Surface of a rocky celestial body in false colors in a map projection with a grid overlay and annotated with latitudinal coordinates

Planetary Surfaces

The chemistry, mineralogy, and geology of a planetary surface bears testimony to its formation, evolution and internal structure.

This in turn provides essential information for understanding planet formation and the distinct evolutionary paths of individual objects, in particular for those from which there is no sample material on Earth. The “Planetary Surfaces” group uses spacecraft-based remote sensing and in-situ measurements to investigate the surface chemistry, mineralogy, and geology of a variety of planets, asteroids, and comets. To this end current research has been mainly focused on the dwarf planet Ceres, asteroid Vesta, and comet 67P/Churyumov-Gerasimenko, which where visited by NASA’s Dawn mission and ESA’s Rosetta mission respectively. In addition, the research group is involved in ESA’s missions BepiColombo, which will reach Mercury in 2025, ExoMars, whose lander is scheduled to touch down on Mars in 2028, and EnVision, which will head for Venus starting in 2031.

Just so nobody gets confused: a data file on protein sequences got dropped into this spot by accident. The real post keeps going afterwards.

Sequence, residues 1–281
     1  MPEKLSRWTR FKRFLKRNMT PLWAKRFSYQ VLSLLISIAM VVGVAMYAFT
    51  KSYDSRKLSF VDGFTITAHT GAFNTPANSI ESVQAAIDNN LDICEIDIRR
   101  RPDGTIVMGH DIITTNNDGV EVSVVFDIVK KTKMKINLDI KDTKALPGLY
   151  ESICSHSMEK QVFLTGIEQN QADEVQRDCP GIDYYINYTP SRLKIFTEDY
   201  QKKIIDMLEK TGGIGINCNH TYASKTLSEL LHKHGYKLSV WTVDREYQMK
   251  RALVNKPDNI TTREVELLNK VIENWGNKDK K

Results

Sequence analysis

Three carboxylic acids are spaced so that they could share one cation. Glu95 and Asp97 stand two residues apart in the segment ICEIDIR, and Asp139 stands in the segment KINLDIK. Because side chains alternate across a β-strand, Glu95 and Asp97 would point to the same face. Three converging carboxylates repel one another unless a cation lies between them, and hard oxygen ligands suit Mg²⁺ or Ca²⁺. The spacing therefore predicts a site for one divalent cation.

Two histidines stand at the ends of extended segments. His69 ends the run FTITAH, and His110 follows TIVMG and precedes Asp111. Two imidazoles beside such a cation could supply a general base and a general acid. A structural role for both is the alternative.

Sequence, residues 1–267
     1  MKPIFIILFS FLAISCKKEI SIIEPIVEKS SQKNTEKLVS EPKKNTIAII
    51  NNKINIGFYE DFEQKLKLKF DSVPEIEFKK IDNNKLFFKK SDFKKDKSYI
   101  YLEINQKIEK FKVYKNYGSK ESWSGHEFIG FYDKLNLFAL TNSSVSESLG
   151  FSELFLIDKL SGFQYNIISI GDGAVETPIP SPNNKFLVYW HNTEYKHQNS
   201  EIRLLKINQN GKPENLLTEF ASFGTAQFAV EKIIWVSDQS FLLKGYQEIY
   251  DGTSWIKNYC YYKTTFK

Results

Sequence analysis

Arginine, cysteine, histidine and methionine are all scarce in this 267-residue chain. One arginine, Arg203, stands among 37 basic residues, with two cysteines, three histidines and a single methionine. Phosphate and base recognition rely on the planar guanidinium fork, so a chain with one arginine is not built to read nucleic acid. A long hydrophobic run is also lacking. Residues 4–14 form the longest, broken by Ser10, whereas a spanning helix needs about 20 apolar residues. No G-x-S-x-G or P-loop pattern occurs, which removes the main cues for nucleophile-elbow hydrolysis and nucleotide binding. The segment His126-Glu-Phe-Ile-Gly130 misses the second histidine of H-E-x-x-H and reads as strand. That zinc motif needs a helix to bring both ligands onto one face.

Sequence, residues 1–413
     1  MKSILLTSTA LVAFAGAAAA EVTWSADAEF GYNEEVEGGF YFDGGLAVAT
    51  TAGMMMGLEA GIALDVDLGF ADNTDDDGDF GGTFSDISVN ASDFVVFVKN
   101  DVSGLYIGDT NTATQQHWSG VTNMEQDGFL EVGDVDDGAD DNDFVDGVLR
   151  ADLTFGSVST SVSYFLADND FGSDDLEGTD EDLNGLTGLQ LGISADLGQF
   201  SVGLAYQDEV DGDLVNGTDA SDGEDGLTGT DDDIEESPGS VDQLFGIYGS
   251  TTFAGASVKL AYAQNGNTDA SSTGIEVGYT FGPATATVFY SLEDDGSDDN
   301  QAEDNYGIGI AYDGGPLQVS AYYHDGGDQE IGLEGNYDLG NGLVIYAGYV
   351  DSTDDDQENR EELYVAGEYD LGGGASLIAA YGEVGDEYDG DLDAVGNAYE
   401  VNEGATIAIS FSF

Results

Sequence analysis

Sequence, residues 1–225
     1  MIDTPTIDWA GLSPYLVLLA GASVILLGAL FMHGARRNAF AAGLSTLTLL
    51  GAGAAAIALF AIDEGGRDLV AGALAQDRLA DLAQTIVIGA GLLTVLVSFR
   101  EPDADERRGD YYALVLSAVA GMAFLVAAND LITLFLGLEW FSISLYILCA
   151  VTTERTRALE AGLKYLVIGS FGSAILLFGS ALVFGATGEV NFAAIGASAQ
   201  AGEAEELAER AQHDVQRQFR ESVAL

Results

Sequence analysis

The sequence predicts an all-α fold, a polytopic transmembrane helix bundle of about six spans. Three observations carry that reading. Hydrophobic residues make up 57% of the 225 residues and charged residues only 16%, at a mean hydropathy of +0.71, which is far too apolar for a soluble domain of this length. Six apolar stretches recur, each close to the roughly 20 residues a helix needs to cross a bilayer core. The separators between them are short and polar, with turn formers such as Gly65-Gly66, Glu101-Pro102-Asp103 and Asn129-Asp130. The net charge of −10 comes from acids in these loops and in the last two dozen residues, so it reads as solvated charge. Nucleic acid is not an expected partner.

Portrait of Valentin Bickel

IMPRS alumn Valentin Bickel is awarded the Silver Medal of ETH Zurich for his outstanding Doctoral Thesis on the Analysis of Lunar Rockfalls more

Dwarf planet Ceres: organic chemistry and salt deposits in Urvara impact crater

Data from NASA's Dawn mission, analyzed for the first time, suggest that brine rose from the depths and organic compounds were deposited in Urvara crater. more

A New Encounter with Rosetta’s Comet

Comet 67P/Churyumov-Gerasimenko has reached its closest point to the Sun for the first time since the end of the Rosetta mission and is currently very close to Earth. In this interview, MPS scientists Dr. Holger Sierks and Dr. Carsten Güttler talk about a return to the Rosetta comet, comet simulations in the lab and calibrating 70,000 images. more

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